In mid 2012, when the late SR Nathan, Singapore’s former president (1999-2011), agreed to be the guest of honour at the launch of my first book, “Floating on a Malayan Breeze: Travels in Malaysia and Singapore“, I was delighted.
Mr President! Presiden! 总统 ! ஜனாதிபதி !
Actually, I hate honorifics. Especially for those out of office. It’s a debate in other countries: “President George W Bush? He’s no longer president.”
But never mind lah. For old SR, I’ll use it. So, I was somewhat chuffed that President Nathan had agreed.
When I shared the news, from my buddies I got joy and congratulations: “Eh, how did you con him, ah?”
What I didn’t expect was some negativity from readers, some “How-could-you-go-with-the-establishment?” rebukes. Though not a politician, President Nathan was a civil service stalwart of Lee Kuan Yew’s government. (The presidency is a largely ceremonial role.)
Some people, I won’t say necessarily opposition or anti-establishment, those are labels thrown around, so maybe “non-establishment” better, some non-establishment people dropped out of my book launch once they heard the news.
They like my writing, but they dropped out just because President Nathan would be the guest of honour. That’s their prerogative, of course, a very welcome “act of protest”, if you will.
Still. While I always knew that political polarisation existed in Singapore, that was the first time I really started thinking deeply about it.
Family portrait in the 1920s. Little SR is third from right, embraced by a much older cousin sitting on the chair. SR’s mum is on the other chair, and his dad is standing.
Sellapan Ramanathan was born in Singapore on July 3rd 1924, but grew up with his parents and siblings mostly in Muar, Johor, in a house overlooking the Malacca Straits.
SR’s father worked as a lawyer’s clerk for a firm that serviced rubber plantations. In 1933, with Malaya’s rubber industry failing amid The Great Depression, SR’s father, debt-ridden and alcohol-prone, took his own life. SR was eight.
He enrolled at Anglo-Chinese School (ACS) in Singapore, but was soon undermined by his own addiction: to photographs of famous boxers. SR and buddies would collect newspaper photos of their favourite boxers and paste them in exercise books, a precursor, I guess, of the Panini sticker books we grew up with. (My first was for the 1986 World Cup in Mexico.)
Since SR’s family did not buy newspapers, he had to buy boxer photographs from friends, and eventually racked up debts of “several dollars”. (Five dollars in the 1930s is the equivalent of almost a hundred today.)
SR started selling off his school books to repay them, and eventually stole schoolbooks to sell. That led to his first expulsion from school.
“I returned home wondering how to break the news to my mother. That evening one John Handy—a classmate with whom I had fought in school—came to take his revenge and told my mother that I had been sacked from school. She was shocked.”
[Insert joke about rich ACS kids preying on poorer ones.]
SR went on to Rangoon Road School and then Victoria School for his secondary education. There, he could not buy the books he needed, which led to him being picked on by teachers, which in turn led to him regularly playing truant. When another boy’s books were stolen, SR was then scapegoated. That led to his second expulsion from school.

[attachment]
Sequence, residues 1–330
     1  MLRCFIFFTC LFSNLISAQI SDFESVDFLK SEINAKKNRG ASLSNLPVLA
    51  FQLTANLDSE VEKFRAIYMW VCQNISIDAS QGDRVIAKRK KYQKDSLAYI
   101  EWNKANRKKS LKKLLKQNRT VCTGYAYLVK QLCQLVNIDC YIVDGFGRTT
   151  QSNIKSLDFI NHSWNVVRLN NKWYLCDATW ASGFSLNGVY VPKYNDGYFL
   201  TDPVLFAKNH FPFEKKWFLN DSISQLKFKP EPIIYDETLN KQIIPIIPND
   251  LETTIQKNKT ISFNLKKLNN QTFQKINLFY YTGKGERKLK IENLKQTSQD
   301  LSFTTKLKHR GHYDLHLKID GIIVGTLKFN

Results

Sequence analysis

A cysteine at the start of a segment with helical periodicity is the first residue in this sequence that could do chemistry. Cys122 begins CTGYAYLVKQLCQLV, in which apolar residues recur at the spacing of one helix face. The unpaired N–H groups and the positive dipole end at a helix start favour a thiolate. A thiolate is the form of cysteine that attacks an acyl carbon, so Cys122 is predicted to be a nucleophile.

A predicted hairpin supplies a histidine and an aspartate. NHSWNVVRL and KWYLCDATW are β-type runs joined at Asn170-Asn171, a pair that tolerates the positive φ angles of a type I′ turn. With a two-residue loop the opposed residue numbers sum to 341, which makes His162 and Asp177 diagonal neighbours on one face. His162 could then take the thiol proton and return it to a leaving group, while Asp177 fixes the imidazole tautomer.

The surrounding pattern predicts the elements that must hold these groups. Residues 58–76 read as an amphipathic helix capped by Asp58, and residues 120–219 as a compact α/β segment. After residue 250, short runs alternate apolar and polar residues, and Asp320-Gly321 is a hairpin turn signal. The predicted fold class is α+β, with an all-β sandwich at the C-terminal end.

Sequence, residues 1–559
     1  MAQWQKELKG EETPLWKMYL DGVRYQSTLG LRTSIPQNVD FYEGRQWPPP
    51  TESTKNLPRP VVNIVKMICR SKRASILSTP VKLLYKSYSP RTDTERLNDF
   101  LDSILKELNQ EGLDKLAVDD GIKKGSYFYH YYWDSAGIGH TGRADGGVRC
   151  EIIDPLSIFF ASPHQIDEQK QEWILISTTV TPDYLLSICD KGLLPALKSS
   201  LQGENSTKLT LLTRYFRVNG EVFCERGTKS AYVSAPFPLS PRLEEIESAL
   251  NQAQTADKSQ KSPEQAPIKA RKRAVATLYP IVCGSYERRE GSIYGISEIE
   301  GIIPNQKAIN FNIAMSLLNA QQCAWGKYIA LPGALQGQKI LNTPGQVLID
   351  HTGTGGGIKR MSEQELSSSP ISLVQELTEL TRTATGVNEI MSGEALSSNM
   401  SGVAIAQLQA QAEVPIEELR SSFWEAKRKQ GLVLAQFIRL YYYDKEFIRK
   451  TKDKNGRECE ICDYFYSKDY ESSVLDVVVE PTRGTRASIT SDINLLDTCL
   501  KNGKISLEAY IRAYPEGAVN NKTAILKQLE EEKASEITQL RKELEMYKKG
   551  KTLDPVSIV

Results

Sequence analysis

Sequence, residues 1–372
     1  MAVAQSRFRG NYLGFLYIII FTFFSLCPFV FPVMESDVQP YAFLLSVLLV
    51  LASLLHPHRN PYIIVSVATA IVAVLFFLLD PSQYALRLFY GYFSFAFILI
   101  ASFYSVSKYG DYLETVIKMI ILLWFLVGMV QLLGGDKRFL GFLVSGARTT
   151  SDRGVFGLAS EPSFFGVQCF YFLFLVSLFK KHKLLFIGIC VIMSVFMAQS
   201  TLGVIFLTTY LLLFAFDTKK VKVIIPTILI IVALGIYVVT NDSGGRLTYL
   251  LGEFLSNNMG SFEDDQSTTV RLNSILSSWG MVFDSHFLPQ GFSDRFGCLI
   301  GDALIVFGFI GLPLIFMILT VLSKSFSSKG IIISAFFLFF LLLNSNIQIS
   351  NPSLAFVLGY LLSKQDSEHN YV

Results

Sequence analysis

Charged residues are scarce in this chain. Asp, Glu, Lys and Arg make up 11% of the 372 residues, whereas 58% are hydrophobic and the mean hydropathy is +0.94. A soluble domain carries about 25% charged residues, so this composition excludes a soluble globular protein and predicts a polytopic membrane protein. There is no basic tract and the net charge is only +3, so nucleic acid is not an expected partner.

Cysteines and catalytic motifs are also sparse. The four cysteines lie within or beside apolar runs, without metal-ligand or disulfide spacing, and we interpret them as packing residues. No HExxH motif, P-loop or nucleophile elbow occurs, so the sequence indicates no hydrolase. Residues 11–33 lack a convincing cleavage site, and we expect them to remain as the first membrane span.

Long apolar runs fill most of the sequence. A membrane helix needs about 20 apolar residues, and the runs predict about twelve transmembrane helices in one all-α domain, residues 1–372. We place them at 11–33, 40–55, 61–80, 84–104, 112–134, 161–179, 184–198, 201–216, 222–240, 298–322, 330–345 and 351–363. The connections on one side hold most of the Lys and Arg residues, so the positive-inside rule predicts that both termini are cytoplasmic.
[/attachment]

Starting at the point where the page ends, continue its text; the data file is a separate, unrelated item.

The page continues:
“At that point I decided to run away.” He was sixteen.
SR left his mum’s home in Singapore and moved back to Muar, where he worked as a hawker’s assistant and then a clerk. During the Japanese occupation (1942-45) SR learned Japanese and became a translator and interpreter for the top dog in the Japanese Civilian Police. He also reconciled with his mum.
Nathan with Lta. Kokubu
SR, like Lee Kuan Yew (LKY), quickly adapted to the socio-political realities of life under the Japanese. LKY also learned Japanese so he could work as business interlocutor and middleman. (My obituary of LKY here.)
Were LKY and SR collaborators, traitors? Some must have thought so. The Japanese certainly treated the Indians in Malaya much better than they did the Chinese, for obvious historical and cultural reasons.1
SR finally graduated from the University of Malaya (in Singapore) in 1954, aged thirty. In 1958 he married his childhood sweetheart, Urmila Nandey, after a sixteen-year courtship. Eighteen-year old SR had first noticed a thirteen-year old Umi, a Bengali, while running errands for the Japanese in 1942. Despite the inevitable parental and societal opposition to a Tamil-Bengali relationship, they persevered.
A full critique of President Nathan’s life, including his numerous subsequent achievements and awards, as well as possible complicity in wrong-doings, would take hours. But I like that early part of his story because it should inspire any young person for whom life hasn’t been kind.
Chin up, keep going.
Should I talk about the Communist Part of Malaya (CPM) cadres I had met and interviewed?
That was the main content deliberation ahead of my book launch presentation.
President Nathan served as director of Singapore’s Security and Intelligence Division (SID) from 1971 to 1979. Though resolving the 1974 Laju ferry terrorist incident is the highlight of his tenure, he was also directly involved with the Malaysian and Singaporean governments’ decades-long battle against the CPM. By then the CPM had been pushed northwards out of Malaya, finding refuge in Betong, a Thai border town. It signed a peace agreement with the Malaysian and Thai governments in 1989.
In 2004 Sumana Rajarethnam, my best friend, and I cycled up the Piyamit Hills near Betong to reach the old CPM base, where the former cadres had been given land by the Thai government as part of the agreement.
That was the one of the toughest rides on our month-long journey around Malaysia, which we did subsisting on RM10 (US$3) a day. That trip became the narrative thread for “Floating on a Malayan Breeze: Travels in Malaysia and Singapore”.
We interviewed a former soldier whom in the book I call Betty. Like SR, Betty left home at 16: in 1978 she trekked with six others from Selangor to Betong, trudging through 350km of rainforests, to become part of the CPM’s bomb squad. She would strip dead Malaysian soldiers of guns, bullets, food, matches, boots.